5. Label and archive all the newly imported messages in Gmail as appropriate.
  6. Check your spam folder to rescue any imported emails from there.
  7. In your old email account, move everything out of the inbox.
  8. In your old email account, find a folder you want to import, and move the messages into your inbox.
  9. Repeat steps 4 to 8 (inclusive) for every folder you want to import.
  10. When you’ve finished importing everything, disable POP downloading in Gmail.
  11. Find all the messages which were originally in your Gmail inbox (look for the custom label you created in step 1), and move them back into the inbox if desired.

As with solution 1, it’s usually best to use a webmail client to move emails around in your old account.

Solution 3: IMAP client

This is the solution I used for most of my folders. It can be quite a laborious process. However, it’s probably the most straightforward option for folders which have no more than a few hundred messages each. You will need to use a computer for this, i.e. a PC or laptop running Windows, Linux, or Mac OS. If you only have access to a smartphone or a tablet, then you are probably stuck using solution 1 or 2.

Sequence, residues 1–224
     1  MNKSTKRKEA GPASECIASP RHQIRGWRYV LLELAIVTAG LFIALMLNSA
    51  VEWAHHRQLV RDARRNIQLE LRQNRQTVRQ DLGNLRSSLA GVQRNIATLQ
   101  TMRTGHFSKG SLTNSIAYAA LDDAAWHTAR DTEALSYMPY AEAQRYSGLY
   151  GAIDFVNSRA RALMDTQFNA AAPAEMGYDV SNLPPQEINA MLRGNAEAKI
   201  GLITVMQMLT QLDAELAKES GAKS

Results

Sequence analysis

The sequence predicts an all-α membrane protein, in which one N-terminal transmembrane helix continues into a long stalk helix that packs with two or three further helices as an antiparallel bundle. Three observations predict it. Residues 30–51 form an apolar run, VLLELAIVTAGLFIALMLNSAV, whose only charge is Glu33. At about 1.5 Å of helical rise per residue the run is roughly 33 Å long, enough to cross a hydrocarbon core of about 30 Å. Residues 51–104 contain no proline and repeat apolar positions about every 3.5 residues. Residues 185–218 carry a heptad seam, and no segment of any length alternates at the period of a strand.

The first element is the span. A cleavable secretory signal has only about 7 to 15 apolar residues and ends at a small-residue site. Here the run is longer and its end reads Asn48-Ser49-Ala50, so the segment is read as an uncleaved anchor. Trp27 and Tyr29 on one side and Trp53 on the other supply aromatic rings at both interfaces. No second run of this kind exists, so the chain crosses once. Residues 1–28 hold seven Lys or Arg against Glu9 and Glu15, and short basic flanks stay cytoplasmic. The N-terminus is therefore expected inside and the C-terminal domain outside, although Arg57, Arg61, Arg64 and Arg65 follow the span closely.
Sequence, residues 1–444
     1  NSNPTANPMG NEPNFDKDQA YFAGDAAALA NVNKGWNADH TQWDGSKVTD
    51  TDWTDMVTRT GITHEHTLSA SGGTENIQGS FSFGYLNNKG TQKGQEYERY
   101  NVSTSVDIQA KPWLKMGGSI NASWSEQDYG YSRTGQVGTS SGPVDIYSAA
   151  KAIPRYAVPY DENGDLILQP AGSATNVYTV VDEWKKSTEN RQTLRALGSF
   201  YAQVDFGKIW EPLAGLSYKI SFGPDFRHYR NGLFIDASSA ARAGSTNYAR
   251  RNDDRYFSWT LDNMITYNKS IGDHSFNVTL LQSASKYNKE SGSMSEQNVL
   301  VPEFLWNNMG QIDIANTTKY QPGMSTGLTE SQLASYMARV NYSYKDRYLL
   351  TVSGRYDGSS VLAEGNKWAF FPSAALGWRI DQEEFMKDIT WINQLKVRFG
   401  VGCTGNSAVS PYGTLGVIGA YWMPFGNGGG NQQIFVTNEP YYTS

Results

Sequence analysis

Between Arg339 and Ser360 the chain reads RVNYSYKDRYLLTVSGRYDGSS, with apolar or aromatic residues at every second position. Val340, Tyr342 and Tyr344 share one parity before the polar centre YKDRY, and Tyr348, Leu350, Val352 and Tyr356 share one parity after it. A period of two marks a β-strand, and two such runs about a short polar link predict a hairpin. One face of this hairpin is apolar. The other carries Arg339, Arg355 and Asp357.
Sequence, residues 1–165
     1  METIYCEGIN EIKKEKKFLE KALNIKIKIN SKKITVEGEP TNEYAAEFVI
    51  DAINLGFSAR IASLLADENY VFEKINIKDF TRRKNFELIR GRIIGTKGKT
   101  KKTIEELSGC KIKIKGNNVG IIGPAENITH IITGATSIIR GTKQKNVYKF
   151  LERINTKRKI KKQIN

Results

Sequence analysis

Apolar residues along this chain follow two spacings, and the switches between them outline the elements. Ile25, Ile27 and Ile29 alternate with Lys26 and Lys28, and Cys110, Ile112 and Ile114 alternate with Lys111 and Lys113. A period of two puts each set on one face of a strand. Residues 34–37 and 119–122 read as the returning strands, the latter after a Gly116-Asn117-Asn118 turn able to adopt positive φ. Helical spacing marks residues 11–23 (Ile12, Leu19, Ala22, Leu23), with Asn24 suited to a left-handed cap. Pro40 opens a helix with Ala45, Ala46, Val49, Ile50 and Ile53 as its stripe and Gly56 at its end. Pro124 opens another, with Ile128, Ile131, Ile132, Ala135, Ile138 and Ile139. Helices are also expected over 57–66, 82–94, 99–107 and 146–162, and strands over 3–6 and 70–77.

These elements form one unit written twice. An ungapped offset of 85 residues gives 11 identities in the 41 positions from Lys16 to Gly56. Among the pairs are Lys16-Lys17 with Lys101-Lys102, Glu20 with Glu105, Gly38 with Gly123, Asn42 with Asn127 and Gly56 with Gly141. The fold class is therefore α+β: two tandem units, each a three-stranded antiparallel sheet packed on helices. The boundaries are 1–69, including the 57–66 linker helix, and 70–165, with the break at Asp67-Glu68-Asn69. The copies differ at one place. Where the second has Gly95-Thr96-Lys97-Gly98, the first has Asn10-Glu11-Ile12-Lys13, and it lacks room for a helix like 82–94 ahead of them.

1. Download and install an email client which supports IMAP, if you do not already have one. I recommend Thunderbird, which is free.
  2. Add your old email account to the email client (ensure you use IMAP not POP).
  3. Add your Gmail account to the email client (ensure you use IMAP not POP). You may need to enable IMAP in Gmail.
  4. Click and drag a group of messages or an entire folder from your old account to your Gmail account.
  5. Repeat step 4 until you’ve imported everything. (Wait for each operation to finish before trying to import more though.)

CAUTION: Gmail apparently limits you to uploading 300MB per hour or 500 MB per day via IMAP. If you exceed the limits, you may be temporarily locked-out of your account.

That whole process probably looks a lot easier than it is. At best, it’s quite slow. I also found that the connection to Gmail timed-out regularly. That meant I had to try several times to finish uploading each folder. Moving the messages rather than copying them makes this easier as you can instantly see which ones haven’t been imported yet.

Another issue to be aware of is that Gmail will reject any message containing attachments above 25MB. It seems to stop the entire import when that happens. As such, don’t attempt to import large attachments at all. Most email clients will let you sort messages by size so you can easily identify the ones which will cause a problem.


I’ve outlined a few ways of importing folder-based messages into Gmail. None of the solutions is ideal though. Part of the difficulty is that the email protocols were never designed for bulk operations. As such, fetching and moving large numbers of messages can be tricky and unreliable. I hope my suggestions above are helpful though. If you find a better solution then please let me know by leaving a comment below.

This post is licensed under CC BY 4.0 by the author.